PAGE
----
16. The trial Court in the impugned judgments and orders has taken into consideration the entire oral and documentary evidence on record. It was found that there were transactions between the parties pertaining to immovable property. It was found that the presumptions in the present case were satisfactorily rebutted by the respondent by responding to the statutory notice and also effectively cross-examining the appellant. It is settled law that an accused in such cases can rebut the presumption not only by placing on record positive evidence and examining witnesses, but also by discrediting the complainant by effective cross-examination.

IN THE HIGH COURT OF BOMBAY (NAGPUR BENCH)

Criminal Appeal Nos. 179, 180 and 182/2018

Decided On: 09.08.2018

Mercy Vs. Cyril Enoch Arland

Hon'ble Judges/Coram:
Manish Pitale, J.

Citation: 2019(1) MHLJ 799


1. These three appeals arise out of three judgments and orders dated 23.08.2017 passed by the Court of Judicial Magistrate First Class (Special Court for N.I. Act), Nagpur (trial Court) in three complaints filed by the appellant herein in respect of dishonour of three cheques issued by the respondent (original accused).

2. Since the complaints were considered by the trial Court on the basis of common evidence adduced in respect thereof and there are three similar impugned judgments and orders only because there were three cheques of different amounts involved, these appeals are being disposed of by this common judgment.

3. The case of the appellant herein, in brief, was that she was a retired house wife, who had returned from England and settled down in Nagpur. She was interested in investing money in properties and, therefore, she came in touch with the respondent through a property agent. It was claimed that the respondent was an employee of Graceland Realities Ltd. It was claimed that investment was made in three properties through the respondent and that in the process the appellant developed good relations with the respondent and his family. On this basis, when the respondent expressed that he was facing financial hardship in the year 2012 and he sought financial help from the appellant for the education of his children, on different dates in the years 2012 and 2013, the appellant claimed to have advanced loans to the respondent, totaling Rs. 2,00,000/-.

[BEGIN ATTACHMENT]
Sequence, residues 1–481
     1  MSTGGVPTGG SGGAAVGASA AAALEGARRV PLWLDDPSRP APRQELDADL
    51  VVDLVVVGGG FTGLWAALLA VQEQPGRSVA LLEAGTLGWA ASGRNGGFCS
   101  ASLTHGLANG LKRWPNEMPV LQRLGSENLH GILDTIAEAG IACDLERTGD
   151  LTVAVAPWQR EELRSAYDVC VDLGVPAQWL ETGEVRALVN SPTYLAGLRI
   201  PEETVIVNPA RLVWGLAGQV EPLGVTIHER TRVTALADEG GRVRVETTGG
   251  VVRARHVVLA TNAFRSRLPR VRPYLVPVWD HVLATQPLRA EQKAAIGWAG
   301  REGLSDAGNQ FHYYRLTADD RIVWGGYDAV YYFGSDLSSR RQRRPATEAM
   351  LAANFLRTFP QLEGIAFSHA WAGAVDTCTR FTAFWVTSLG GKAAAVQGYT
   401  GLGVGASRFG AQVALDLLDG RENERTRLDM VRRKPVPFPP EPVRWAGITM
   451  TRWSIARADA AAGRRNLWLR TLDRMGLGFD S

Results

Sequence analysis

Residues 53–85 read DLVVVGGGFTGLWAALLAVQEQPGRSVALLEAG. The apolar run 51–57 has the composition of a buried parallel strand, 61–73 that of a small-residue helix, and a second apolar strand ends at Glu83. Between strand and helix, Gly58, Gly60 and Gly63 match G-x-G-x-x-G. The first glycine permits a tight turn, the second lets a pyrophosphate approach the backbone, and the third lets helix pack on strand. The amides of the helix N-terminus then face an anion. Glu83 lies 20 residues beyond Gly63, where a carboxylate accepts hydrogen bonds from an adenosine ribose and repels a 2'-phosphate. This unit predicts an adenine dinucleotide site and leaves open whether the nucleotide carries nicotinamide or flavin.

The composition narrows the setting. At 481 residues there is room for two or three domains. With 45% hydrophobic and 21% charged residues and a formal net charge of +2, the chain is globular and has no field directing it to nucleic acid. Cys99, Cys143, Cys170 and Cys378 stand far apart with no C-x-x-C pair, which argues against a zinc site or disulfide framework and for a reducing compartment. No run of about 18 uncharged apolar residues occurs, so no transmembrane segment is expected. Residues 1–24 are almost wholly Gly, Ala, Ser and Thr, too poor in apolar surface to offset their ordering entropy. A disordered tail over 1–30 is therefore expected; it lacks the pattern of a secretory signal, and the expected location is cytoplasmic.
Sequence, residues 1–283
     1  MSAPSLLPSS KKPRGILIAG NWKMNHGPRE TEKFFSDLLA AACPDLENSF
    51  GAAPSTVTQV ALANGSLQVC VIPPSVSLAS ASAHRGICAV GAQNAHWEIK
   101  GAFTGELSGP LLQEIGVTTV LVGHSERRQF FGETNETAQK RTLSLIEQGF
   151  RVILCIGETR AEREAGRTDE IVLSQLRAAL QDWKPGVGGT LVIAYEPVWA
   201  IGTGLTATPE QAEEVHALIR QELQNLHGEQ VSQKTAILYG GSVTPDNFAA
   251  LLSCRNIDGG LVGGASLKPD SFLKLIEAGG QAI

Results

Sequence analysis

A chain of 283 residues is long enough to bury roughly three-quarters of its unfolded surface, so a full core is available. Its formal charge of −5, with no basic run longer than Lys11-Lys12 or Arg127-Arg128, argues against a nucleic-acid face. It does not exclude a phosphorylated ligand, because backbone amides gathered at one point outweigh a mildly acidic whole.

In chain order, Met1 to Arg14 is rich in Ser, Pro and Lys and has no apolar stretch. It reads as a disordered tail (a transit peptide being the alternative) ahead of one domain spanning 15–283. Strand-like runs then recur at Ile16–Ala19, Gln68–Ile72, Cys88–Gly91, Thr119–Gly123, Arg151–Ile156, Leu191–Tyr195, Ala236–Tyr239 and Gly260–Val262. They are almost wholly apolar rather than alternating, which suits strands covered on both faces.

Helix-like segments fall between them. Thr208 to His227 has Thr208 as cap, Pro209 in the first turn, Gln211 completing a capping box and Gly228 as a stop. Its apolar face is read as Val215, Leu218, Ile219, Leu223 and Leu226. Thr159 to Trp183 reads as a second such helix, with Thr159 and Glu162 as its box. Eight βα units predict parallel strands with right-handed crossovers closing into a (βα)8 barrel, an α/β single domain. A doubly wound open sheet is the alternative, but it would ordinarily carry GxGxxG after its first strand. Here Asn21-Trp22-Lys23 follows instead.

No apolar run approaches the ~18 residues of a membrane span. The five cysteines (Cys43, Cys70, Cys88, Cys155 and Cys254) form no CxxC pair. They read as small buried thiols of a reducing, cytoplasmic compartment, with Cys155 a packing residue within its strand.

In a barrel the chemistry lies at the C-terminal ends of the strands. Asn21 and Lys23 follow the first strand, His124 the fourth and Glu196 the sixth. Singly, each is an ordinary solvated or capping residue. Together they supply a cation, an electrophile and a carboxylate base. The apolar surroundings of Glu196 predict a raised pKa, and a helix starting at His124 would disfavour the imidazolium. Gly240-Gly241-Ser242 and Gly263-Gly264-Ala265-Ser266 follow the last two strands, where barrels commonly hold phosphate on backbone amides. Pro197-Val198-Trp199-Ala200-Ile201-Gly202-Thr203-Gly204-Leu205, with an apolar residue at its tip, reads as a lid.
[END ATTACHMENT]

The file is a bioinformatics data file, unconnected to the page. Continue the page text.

4. It was claimed that towards repayment of the said amount of loan, the respondent had issued three cheques bearing the dates 26.02.2014 (Rs. 50,000/-), 26.03.2014 (Rs. 50,000/-) and 25.05.2014 (Rs. 1,00,000/-) drawn on the IDBI Bank, Trimurti Nagar, Nagpur.

5. When the first of these cheques was deposited, it was dishonoured, pursuant to which the appellant issued notice to the respondent demanding payment of the amount stated in the said cheque. In response to the said notice, the respondent sent a reply notice dated 01.04.2014 stating that in the month of December, 2013, the appellant had stated that she would deposit an amount of Rs. 2,00,000/- in the account of the respondent against which she requested for three post dated cheques totalling Rs. 2,00,000/-. It was stated that due to good relations and trust between the parties, without seeking any further clarification, the respondent issued the aforesaid three cheques in favour of the appellant. It was indicated in the reply notice that it appeared that the appellant wanted to convert her black money into white and that, therefore, such a modus operandi was adopted by her. In this reply notice, the respondent specifically asked the appellant not to deposit the remaining two cheques that had been issued by the respondent.

6. Despite the said reply notice wherein the appellant had been called upon not to deposit remaining two cheques, the appellant went ahead to deposit the cheques, which were dishonoured. As a consequence, the appellant filed three complaints before the trial Court alleging that the respondent had committed offence punishable under Section 138 of the Negotiable Instruments Act, 1881. The appellant placed on record the aforesaid disputed cheques, as also a receipt dated 26.12.2013 (Exh. 31), wherein the respondent had purportedly acknowledged the said loan and it was stated that post dated cheques were being issued for repayment of the same. The appellant also placed on record pass-book of her account of the State Bank of India, from which she had allegedly advanced loan amounts to the respondents. The appellant entered the witness box in support of her complaints while the respondent did not produce any witness in support of his defence.

7. By the impugned judgment and order the trial Court found that a perusal of the oral and documentary evidence on record indicated that although presumptions under Section 118 and 139 of the aforesaid Act arose in favour of the appellant, the same stood rebutted as the respondent had succeeded in raising a probable defence. On this basis, it was held that since the cheques in question could not be said to have been issued for discharge of legal debt or liability, the complaints filed by the appellants were dismissed and the respondent stood acquitted.